Update on a Copyright Conundrum

copy of NANPA's Instagram page.
What rights do you give to Instagram and what do you retain?

In an earlier blog post, Can Websites Embed Your Instagram Posts Without Your Express Permission, NANPA’s Sean Fitzgerald wrote about the disturbing copyright decision in a recent court case, Sinclair v. Ziff Davis. The ruling has profound implications for intellectual property rights for photographers and many other creative professionals. A new court decision, McGucken v Newsweek comes to a somewhat different conclusion. Both are complicated cases and conflicting rulings, so it’s worthwhile to revisit the original article.

Sean Fitzgerald fills us in on an important clarification, just announced by Instagram, regarding its Terms of Use, the interpretation of which have been at the heart of both cases.

“In another victory for photographers, Instagram has now come down on the side of visual artists–expressly stating that it DOES NOT grant API users a blanket license to embed public third party content. This decision will undercut the recent decision in Sinclair v. Ziff Davis and give photographers who use Instagram much needed protection from blanket, unauthorized use of their Instagram posts. Instagram explained its determination in a communication with Ars Technica:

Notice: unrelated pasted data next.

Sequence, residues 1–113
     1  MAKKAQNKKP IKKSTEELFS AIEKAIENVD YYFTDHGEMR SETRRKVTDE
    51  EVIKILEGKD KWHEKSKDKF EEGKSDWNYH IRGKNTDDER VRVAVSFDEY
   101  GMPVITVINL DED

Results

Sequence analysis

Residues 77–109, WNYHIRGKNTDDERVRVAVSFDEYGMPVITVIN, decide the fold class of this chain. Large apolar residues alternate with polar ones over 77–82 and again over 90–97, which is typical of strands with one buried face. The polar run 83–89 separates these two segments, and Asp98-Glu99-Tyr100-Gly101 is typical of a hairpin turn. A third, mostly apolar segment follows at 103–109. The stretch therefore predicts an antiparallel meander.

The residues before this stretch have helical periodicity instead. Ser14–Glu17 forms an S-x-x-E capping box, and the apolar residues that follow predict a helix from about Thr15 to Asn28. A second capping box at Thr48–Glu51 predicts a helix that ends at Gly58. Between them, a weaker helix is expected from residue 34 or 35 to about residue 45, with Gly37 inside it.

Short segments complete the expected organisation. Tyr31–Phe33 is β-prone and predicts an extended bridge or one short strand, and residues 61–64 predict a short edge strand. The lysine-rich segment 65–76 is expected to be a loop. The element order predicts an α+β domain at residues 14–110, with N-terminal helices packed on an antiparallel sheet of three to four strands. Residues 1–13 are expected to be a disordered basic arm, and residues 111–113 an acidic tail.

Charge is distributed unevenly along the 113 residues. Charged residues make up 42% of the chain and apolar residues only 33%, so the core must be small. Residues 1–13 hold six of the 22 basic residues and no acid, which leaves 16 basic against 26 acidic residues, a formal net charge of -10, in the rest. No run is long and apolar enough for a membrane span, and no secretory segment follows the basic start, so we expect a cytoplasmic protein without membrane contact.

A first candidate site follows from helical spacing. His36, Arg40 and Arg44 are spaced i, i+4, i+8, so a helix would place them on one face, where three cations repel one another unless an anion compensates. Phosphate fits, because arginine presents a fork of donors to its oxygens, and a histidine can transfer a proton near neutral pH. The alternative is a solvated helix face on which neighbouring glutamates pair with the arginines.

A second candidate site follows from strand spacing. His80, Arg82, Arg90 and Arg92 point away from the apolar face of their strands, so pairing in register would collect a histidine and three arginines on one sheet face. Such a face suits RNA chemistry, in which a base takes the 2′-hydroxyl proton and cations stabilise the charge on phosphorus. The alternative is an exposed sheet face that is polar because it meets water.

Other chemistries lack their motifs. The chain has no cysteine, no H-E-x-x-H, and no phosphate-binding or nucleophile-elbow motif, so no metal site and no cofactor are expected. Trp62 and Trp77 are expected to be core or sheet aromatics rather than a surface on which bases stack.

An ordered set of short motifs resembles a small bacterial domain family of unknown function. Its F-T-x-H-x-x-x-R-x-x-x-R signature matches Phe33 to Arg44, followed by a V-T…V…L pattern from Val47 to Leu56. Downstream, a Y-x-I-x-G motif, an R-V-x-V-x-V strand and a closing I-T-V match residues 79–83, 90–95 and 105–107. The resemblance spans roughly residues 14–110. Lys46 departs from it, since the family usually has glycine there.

” ‘While our terms allow us to grant a sub-license, we do not grant one for our embeds API,’ a Facebook company spokesperson told Ars in a Thursday email. ‘Our platform policies require third parties to have the necessary rights from applicable rights holders. This includes ensuring they have a license to share this content, if a license is required by law.’

“Instagram’s decision is significant. Before a party embeds someone else’s Instagram post on their website, they now may need to ask the poster for a separate license and failure to do so could subject them to a copyright lawsuit. Users who fail to get such a license might still be able to assert a fair use defense as justification for their use, but they can no longer claim a blanket sublicense to do so.  

“Instagram has also stated that it is exploring the possibility of giving users with public Instagram accounts more control over the embedding of their posts. NANPA joined with other visual art groups in requesting that Instagram account holders should have the ability to control how third parties use their post and we will continue that dialogue.”

We’ll continue to monitor this and keep you informed as new information or court decisions become available,